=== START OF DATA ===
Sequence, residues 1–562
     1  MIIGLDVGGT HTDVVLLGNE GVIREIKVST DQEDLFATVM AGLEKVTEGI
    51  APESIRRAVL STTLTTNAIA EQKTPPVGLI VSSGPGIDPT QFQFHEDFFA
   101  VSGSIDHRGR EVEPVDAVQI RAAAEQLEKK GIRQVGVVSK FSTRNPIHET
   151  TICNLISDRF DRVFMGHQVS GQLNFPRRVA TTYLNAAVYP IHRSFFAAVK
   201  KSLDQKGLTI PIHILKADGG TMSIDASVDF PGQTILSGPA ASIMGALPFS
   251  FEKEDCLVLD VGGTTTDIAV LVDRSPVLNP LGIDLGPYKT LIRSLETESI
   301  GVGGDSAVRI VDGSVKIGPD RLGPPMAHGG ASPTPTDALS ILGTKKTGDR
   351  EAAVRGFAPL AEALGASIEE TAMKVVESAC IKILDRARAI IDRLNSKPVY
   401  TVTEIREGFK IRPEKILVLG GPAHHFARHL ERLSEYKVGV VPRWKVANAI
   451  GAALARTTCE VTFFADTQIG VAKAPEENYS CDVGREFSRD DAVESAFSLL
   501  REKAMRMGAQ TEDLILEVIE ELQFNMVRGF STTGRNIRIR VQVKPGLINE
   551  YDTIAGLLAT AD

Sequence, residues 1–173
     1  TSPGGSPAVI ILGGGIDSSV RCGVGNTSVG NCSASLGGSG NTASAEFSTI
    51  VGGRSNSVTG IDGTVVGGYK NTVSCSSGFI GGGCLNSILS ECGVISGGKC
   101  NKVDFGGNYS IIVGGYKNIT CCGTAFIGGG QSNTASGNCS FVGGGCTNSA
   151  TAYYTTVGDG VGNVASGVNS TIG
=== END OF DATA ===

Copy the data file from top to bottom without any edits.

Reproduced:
Sequence, residues 1–562
     1  MIIGLDVGGT HTDVVLLGNE GVIREIKVST DQEDLFATVM AGLEKVTEGI
    51  APESIRRAVL STTLTTNAIA EQKTPPVGLI VSSGPGIDPT QFQFHEDFFA
   101  VSGSIDHRGR EVEPVDAVQI RAAAEQLEKK GIRQVGVVSK FSTRNPIHET
   151  TICNLISDRF DRVFMGHQVS GQLNFPRRVA TTYLNAAVYP IHRSFFAAVK
   201  KSLDQKGLTI PIHILKADGG TMSIDASVDF PGQTILSGPA ASIMGALPFS
   251  FEKEDCLVLD VGGTTTDIAV LVDRSPVLNP LGIDLGPYKT LIRSLETESI
   301  GVGGDSAVRI VDGSVKIGPD RLGPPMAHGG ASPTPTDALS ILGTKKTGDR
   351  EAAVRGFAPL AEALGASIEE TAMKVVESAC IKILDRARAI IDRLNSKPVY
   401  TVTEIREGFK IRPEKILVLG GPAHHFARHL ERLSEYKVGV VPRWKVANAI
   451  GAALARTTCE VTFFADTQIG VAKAPEENYS CDVGREFSRD DAVESAFSLL
   501  REKAMRMGAQ TEDLILEVIE ELQFNMVRGF STTGRNIRIR VQVKPGLINE
   551  YDTIAGLLAT AD

Sequence, residues 1–173
     1  TSPGGSPAVI ILGGGIDSSV RCGVGNTSVG NCSASLGGSG NTASAEFSTI
    51  VGGRSNSVTG IDGTVVGGYK NTVSCSSGFI GGGCLNSILS ECGVISGGKC
   101  NKVDFGGNYS IIVGGYKNIT CCGTAFIGGG QSNTASGNCS FVGGGCTNSA
   151  TAYYTTVGDG VGNVASGVNS TIG